Tropical Storm Ana, which made landfall in Malawi on 24 January 2022, caused heavy rainfall and strong winds in several districts in Malawi. In the aftermath of the Ts Ana, Cyclone Gombe also hit the same districts. As a result, houses, road networks, hydroelectric power stations, schools, and health facilities, among others were destroyed. The districts of Salima, Chikwawa, and Nsanje were most affected by the cyclone.
Most information generated on the scale of the cyclone has mainly focused on attribute data leaving out spatial specifications. This project, therefore, seeks to generate updated GeoSpatial data about the aftermath of Tropical Storm Ana and Cyclone Gombe through an analysis of key infrastructure affected in the Chikwawa and Nsanje districts in the southern region of Malawi.
The primary goal of this project is to develop effective mechanisms for mitigating climate change-related disasters by generating geospatial data critical for disaster recovery, planning, and decision-making. Active community participation is a key component of this project to ensure that the actual areas are accurately displayed on the map. Baseline studies were conducted through Focus Group Discussions to identify the hotspots of damage caused by Tropical Storm Ana and Cyclone Gombe.
To better understand the challenges faced by the affected communities, the project conducted induction meetings with local councils in Chikwawa and Nsanje districts.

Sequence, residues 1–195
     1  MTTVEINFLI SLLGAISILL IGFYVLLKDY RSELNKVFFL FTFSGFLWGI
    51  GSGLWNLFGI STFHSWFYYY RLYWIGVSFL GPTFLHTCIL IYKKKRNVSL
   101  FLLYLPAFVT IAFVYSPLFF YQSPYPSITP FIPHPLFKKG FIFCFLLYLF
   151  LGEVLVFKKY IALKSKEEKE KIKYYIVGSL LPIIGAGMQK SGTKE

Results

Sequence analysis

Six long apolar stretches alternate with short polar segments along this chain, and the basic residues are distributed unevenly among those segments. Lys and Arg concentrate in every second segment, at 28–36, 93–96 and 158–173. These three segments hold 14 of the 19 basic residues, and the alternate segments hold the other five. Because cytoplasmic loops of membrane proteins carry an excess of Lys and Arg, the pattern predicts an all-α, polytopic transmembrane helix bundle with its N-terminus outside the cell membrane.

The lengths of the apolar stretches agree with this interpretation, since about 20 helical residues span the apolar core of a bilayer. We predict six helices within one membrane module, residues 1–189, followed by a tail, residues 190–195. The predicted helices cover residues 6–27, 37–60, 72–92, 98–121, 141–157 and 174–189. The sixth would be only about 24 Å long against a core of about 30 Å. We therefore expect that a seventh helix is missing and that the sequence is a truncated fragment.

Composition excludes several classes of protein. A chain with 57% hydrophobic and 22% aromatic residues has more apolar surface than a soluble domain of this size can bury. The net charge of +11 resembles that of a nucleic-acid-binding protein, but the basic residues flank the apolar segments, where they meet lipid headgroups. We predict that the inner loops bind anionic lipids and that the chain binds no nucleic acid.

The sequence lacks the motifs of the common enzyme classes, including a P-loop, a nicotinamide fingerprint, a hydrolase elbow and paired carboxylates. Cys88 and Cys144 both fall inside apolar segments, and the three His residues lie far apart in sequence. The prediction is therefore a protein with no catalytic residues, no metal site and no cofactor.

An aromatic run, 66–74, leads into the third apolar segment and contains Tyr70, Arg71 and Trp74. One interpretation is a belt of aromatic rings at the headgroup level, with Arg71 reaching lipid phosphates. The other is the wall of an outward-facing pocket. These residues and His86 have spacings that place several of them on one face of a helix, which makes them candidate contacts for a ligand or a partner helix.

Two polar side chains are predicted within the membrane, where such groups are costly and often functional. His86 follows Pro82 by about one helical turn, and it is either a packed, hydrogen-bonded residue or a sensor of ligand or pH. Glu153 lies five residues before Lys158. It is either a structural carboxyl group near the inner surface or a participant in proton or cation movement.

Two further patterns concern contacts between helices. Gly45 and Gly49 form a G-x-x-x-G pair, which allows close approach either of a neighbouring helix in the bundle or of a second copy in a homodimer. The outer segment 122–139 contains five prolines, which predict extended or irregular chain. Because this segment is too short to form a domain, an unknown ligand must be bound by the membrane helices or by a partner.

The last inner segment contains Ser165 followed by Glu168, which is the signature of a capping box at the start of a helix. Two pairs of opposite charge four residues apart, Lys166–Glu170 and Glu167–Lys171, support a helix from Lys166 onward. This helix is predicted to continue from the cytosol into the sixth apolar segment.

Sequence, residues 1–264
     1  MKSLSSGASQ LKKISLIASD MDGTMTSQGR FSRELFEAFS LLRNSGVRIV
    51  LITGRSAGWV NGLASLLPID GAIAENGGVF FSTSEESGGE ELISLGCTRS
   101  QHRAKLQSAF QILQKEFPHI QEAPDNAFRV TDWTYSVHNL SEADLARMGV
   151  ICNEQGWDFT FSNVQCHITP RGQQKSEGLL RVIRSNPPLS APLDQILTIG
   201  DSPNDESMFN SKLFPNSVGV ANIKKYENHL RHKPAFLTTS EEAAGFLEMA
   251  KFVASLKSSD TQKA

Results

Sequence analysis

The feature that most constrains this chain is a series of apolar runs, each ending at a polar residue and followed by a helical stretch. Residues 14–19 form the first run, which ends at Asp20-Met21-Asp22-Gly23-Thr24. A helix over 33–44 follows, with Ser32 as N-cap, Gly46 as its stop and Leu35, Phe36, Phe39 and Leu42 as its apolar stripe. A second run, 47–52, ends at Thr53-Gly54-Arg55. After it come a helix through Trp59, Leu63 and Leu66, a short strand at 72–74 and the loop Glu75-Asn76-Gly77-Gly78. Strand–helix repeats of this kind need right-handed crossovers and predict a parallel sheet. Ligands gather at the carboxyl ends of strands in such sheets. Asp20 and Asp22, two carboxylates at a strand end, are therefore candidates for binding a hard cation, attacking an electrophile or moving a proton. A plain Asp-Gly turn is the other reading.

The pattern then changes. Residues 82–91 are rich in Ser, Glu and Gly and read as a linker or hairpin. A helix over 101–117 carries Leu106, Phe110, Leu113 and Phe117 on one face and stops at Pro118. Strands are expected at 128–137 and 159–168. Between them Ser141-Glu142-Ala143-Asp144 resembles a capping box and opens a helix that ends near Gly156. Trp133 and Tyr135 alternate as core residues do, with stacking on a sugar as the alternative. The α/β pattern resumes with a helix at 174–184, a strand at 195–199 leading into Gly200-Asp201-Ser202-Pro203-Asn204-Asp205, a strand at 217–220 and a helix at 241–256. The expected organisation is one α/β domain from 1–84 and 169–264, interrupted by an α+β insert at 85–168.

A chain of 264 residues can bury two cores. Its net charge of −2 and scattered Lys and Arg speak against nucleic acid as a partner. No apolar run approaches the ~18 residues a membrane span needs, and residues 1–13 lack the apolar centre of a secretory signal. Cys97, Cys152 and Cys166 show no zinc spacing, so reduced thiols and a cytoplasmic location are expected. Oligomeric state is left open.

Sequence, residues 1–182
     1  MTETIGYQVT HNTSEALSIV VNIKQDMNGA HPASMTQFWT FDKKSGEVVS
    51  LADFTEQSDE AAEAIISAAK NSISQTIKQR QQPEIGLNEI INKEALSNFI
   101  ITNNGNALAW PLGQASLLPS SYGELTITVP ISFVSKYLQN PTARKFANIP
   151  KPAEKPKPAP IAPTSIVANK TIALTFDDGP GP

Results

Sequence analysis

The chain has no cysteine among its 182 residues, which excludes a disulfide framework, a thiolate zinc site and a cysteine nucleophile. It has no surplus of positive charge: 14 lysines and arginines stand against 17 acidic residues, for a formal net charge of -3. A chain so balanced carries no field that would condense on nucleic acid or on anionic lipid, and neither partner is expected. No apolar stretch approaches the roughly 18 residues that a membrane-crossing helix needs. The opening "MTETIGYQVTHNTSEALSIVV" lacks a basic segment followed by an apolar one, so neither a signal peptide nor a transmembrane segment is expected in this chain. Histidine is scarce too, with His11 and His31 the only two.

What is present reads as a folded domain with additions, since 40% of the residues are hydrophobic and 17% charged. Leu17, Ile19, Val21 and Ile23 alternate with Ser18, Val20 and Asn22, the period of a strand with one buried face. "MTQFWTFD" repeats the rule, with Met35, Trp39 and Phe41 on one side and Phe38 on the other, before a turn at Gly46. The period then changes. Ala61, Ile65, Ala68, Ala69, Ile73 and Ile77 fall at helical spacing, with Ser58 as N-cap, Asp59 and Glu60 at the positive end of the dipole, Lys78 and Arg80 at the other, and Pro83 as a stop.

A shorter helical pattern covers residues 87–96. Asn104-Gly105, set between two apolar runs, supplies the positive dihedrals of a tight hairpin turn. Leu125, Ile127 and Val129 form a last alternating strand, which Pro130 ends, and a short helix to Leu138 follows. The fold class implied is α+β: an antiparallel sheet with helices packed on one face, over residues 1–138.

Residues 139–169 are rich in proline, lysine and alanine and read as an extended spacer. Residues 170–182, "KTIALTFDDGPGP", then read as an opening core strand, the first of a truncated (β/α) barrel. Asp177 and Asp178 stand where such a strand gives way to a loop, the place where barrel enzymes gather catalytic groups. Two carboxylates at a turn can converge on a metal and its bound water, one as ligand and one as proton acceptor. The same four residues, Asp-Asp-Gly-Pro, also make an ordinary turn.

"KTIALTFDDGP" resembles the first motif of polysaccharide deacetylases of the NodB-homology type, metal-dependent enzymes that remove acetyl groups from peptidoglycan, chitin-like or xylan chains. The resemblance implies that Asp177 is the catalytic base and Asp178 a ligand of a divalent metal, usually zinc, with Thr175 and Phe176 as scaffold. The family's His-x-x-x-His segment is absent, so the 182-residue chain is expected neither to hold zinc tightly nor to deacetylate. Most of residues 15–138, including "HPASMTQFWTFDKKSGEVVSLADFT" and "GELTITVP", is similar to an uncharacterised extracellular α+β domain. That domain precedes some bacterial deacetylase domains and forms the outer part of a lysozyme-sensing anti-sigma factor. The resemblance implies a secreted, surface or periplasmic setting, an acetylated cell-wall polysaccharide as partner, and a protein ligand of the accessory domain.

During the Focus Group Discussions, the project team gathered valuable insights on the detrimental effects of climate change-related disasters on local communities, with several stories being cited. For instance, in Nthumba, a community in Chikwawa, floods had occurred for the first time, leaving a student from Nthumba primary school unable to attend school for over three months due to unsafe travel conditions and flooded school blocks. The student had lost all her exercise books and clothes, which hindered her learning progress, given that students in other districts unaffected by floods could still attend classes and prepare for the same national examinations.
Moreover, the floods also affected a school for the blind in Nsanje, making it challenging for students to find shelter. According to the chairman of the Nsanje VCPC, over 5,000 households were affected and destroyed by the water in Nsanje.
Malawi Redcross Society together with Nkhoma University and Malawi OpenStreetMap, therefore, organized the first training on OpenStreetMap took place in conjunction with the Faculty of Education, Nkhoma University, last year, whereby participants were introduced to the iD editor for mapping. This was followed by a mapathon in November in partnership with Lilongwe University of Natural Resources and Agriculture (LUANAR) and YouthMappers to introduce new mappers to OSM.
Despite challenges, such as a lack of experienced mappers in the country, many students are willing to contribute to mapping. The project has trained 22 students (10 female and 12 male) in OpenStreetMap, and one student, Winstone Nkhoma, managed to make 36,840 changes within 14 days, currently ranking second among the 500 contributors in Malawi.
During the induction meeting, the project successfully engaged 110 members from the districts of Nsanje and Chikwawa, who participated in the study area identification and awareness. They were amazed by the project’s potential to reveal vulnerabilities within their localities. In November 2022, during the mapathon, 20 females and 25 males were involved in mapping 100 buildings and 40 km of roads. Through this project, Nkhoma University was accepted to join the Youth Mappers Chapter.